It all started in July 2018. I noticed that my sternum—the bone located in the center of my chest—was bulging, and it hurt a little, too, when I pressed on it. I had it scanned and it turned out to be the beginning of a long series of events.
The CT scan revealed two masses on the lymph nodes in my anterior mediastinum—the area in the front part of my chest between my lungs. There was no question that if it was cancer, it needed to be treated. I needed to have a biopsy before I underwent an operation under general anesthesia. The biopsy was inconclusive, though, and four months later, I had another biopsy done. This time, the sample was sent to the Institut Pasteur de Dakar, a biomedical research center in Dakar, Senegal—over an hour away from my home. In January 2019, I received the results: it was Hodgkin's lymphoma. It is a cancer of the lymphatic system, part of the immune system.
A month later, after undergoing a detailed "pre-therapeutic" assessment, I began chemotherapy treatment. I followed three chemotherapy protocols, and for each, I would get a blood test followed by an abdominopelvic thoracic scan when chemo was complete, to track the chemo's effectiveness.
Cancer is a disease that is very expensive; you have to spend a lot on diagnosis, you spend a lot before starting treatment, and finally, you spend a lot during treatment. Here in Senegal, when you go to the hospital, usually you are given the prices of the chemotherapy drugs you'll take, but they do not tell you that the side effects and/or complications of the treatment will also require you to spend money. And then there is the cost of transport each time you go to the hospital. I live in Thiès and everything I needed medically was in Dakar, 44 miles (71 kilometers) away—about an hour and a quarter by car.
The system is not fair—it reveals how vulnerable we are to disease
Earlier, I mentioned protocol—the treatment regime I was to undergo. The first protocol was composed of sixteen chemotherapy sessions and each session cost me about 130,000 francs (about $220). It was every fifteen days and before each session, it was necessary to have a blood test to see if we could continue the treatment. Fortunately, I managed to keep my job. With the side effects and a treatment rhythm of once every fifteen days, it was not easy.
I come from a modest family and with the help of my husband, we had to fight to get by and also received support from our loved ones. I saw a young man die of the same disease because he was not only in Kolda—more than a ten-hour drive to medical care in Dakar—but also because his parents did not have the financial means. He was unable to afford his treatment.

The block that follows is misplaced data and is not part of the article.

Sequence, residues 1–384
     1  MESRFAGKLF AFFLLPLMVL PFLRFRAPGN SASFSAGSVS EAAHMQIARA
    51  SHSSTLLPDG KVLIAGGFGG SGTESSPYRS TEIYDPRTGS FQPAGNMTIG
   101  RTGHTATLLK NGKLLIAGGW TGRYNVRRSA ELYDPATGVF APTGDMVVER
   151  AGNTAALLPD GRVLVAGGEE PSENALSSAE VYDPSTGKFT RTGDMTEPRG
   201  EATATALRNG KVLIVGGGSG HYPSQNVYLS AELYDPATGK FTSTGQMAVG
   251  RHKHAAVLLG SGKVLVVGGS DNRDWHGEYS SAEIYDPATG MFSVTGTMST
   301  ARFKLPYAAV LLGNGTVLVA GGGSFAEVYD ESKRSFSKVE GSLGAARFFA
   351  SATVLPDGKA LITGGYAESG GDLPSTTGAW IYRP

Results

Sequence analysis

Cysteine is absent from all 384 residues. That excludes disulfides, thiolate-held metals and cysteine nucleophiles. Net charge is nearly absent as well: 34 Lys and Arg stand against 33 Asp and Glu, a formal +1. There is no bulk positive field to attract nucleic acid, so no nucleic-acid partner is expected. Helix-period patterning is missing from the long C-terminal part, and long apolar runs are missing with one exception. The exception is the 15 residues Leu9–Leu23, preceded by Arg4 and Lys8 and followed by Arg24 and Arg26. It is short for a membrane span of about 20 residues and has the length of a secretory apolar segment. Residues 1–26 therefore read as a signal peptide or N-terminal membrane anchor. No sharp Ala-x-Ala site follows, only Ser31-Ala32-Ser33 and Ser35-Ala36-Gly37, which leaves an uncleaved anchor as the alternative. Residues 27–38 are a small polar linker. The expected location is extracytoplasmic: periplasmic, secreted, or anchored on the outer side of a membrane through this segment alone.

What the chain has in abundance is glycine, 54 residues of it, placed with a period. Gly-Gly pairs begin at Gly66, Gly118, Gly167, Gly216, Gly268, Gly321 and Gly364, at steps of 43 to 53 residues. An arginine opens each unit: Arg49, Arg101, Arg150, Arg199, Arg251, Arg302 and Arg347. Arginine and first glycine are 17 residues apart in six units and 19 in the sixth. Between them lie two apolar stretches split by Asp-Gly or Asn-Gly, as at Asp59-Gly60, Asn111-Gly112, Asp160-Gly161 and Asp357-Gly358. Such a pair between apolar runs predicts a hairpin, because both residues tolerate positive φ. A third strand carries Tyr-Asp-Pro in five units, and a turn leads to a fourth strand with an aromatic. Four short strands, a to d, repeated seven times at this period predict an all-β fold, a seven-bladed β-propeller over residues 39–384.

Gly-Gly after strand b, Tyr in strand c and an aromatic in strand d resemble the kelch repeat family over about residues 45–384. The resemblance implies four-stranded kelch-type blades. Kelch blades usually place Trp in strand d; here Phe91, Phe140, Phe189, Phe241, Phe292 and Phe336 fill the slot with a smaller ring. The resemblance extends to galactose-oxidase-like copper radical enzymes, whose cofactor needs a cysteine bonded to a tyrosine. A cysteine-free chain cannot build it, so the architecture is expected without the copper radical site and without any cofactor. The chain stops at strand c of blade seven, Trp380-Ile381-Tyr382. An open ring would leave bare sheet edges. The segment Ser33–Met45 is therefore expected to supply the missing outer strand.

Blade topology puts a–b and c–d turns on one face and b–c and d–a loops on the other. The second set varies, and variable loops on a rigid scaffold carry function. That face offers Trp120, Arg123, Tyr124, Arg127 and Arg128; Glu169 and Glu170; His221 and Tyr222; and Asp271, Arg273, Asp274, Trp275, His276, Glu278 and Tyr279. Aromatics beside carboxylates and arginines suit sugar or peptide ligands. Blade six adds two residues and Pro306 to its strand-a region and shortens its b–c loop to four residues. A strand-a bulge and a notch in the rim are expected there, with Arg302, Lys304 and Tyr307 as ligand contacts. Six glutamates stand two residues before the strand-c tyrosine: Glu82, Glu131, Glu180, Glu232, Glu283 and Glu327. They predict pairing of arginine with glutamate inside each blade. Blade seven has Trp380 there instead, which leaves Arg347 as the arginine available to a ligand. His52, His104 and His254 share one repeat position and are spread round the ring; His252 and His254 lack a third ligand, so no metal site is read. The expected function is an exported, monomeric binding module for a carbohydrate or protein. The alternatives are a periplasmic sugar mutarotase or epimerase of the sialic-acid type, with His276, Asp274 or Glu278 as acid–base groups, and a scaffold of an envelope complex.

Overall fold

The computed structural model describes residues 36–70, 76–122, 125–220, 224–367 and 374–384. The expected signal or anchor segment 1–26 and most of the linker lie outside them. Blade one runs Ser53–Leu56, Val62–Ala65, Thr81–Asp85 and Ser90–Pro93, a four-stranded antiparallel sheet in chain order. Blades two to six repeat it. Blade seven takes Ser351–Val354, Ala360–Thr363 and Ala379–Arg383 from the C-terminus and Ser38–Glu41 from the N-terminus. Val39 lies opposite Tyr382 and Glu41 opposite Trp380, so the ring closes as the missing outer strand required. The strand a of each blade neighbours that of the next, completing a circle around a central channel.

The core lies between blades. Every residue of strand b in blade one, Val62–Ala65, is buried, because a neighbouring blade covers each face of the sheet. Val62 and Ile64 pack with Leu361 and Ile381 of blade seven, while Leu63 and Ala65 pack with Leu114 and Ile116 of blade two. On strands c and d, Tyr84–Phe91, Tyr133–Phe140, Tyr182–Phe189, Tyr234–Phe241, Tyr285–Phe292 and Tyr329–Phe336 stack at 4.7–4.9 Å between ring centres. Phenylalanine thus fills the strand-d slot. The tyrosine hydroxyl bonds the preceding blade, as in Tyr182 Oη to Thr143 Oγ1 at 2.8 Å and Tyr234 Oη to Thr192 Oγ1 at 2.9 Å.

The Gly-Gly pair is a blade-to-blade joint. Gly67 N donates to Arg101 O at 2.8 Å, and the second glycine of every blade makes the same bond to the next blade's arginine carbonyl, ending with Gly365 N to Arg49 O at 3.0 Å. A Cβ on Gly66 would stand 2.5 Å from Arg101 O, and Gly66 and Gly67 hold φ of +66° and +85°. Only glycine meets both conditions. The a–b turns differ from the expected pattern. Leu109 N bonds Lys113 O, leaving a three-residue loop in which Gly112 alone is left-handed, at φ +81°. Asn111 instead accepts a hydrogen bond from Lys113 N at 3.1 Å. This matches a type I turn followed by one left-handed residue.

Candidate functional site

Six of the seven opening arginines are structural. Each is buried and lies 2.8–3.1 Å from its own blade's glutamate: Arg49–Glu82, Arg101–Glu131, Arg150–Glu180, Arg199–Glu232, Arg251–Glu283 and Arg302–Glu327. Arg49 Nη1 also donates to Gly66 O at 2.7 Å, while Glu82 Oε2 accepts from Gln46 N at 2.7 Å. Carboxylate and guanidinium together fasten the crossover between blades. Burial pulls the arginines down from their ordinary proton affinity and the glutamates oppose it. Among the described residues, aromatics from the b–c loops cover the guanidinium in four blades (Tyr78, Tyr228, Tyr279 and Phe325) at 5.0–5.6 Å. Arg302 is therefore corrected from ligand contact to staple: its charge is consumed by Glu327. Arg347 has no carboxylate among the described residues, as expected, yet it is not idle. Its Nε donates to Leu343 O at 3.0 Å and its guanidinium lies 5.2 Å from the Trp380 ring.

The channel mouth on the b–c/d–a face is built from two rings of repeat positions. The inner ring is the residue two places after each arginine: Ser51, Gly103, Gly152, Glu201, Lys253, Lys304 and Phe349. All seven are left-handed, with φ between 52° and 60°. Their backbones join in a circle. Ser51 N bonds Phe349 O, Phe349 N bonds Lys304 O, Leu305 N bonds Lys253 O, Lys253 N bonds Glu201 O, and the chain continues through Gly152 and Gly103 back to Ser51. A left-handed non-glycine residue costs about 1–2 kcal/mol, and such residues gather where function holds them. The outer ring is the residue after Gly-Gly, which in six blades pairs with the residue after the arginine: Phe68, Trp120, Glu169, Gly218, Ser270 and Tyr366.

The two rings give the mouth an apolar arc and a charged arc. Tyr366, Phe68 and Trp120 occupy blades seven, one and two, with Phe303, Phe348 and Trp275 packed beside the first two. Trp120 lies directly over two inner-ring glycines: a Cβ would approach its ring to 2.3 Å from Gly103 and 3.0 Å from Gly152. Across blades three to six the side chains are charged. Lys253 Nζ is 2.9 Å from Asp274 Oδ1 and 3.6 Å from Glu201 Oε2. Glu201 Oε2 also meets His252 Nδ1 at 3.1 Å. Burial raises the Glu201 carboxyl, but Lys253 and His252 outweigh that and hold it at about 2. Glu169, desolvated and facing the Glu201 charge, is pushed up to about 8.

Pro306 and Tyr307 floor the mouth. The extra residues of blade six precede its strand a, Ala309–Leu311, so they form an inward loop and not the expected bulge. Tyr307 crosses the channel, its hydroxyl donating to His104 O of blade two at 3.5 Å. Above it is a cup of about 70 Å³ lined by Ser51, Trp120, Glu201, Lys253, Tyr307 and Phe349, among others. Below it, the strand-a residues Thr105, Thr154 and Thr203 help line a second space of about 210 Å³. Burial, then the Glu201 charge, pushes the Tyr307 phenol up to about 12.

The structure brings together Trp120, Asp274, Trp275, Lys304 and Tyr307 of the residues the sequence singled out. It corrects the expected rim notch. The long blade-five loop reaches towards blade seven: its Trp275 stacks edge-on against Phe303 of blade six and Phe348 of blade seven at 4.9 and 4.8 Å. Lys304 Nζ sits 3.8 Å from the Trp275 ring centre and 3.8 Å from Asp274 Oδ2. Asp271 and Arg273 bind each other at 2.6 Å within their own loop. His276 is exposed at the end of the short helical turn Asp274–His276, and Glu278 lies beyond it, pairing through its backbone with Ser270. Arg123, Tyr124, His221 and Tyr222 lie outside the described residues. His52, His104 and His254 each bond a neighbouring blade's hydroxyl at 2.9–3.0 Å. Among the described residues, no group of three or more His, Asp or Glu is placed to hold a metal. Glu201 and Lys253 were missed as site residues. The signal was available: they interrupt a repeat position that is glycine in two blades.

The cost of pathology services at the Institut Pasteur tallied 250,000 francs ($425), the mid-treatment and end assessments cost 160,000 francs ($270) each time. I could estimate my expenses from the beginning at about 8,000,000 francs ($13,600) over the course of two years and around 300,000 francs ($510) a month. Sometimes, I was unable to obtain my medication at the pharmacy and was forced to go to private pharmacies where often the costs are quadrupled or more.
I am a young doctor—I am supposed to be among the middle-income people in my country, Senegal. But I have a lot of financial difficulties in the face of this disease. After three different treatment protocols, today I am off treatment because the medication I need is not available in my country. I have to travel, most likely outside my country, to continue my care. The situation of the pandemic complicates this, as well as the financial resources I'd need, so I am in a labyrinth of stress due to these factors.
The system is not fair—it reveals how vulnerable we are to disease.
Beyond all this, the side effects of treatment weaken me and have disrupted my pace of work and therefore my profitability. It must be said that this disease has a cost in Africa and therefore we must fight to prevent this. We must think about supporting more patients and think of an Africa where universal health coverage is a reality. To all the cancer patients in the world, I ask them to stay positive and fight to the end.
Thinking about health on a global and holistic level, COVID-19 has taught us lessons and continues to challenge us with its evidence. It is therefore urgent for us to continue by promoting all campaigns, policies, and solutions that aim to achieve inclusive health outcomes where no one will be abandoned or left behind to die because of our geographical location on earth, or our gender, or our skin color, or the GDP of our country, or our monthly income. We must think global and we have to keep this promise to do that.
In Africa, the same diagnoses which elsewhere people recover from or have a huge chance of survival, are not survivable
We live in an unequal world and the COVID-19 pandemic has only exacerbated inequality. For a long time in Africa, we have focused on infectious diseases that wreak havoc, but today it must be said that chronic noncommunicable (NCDs) diseases are emerging and kill many people in developing countries—and they are very expensive to care for. We see campaigns and policies talking about NCDs in terms of prevention, but it is about making care available and facilitating access to care and medicines, otherwise the number of preventable deaths will continue to rise.
And so we continue to witness this without being able to do anything about it. In Africa, the same diagnoses which elsewhere people recover from or have a huge chance of survival, are not survivable. Several factors exacerbate this situation: the problem of diagnosis, a patient's financial means, but especially the availability of treatment.
EDITOR'S NOTE: This article has been translated from the original in French.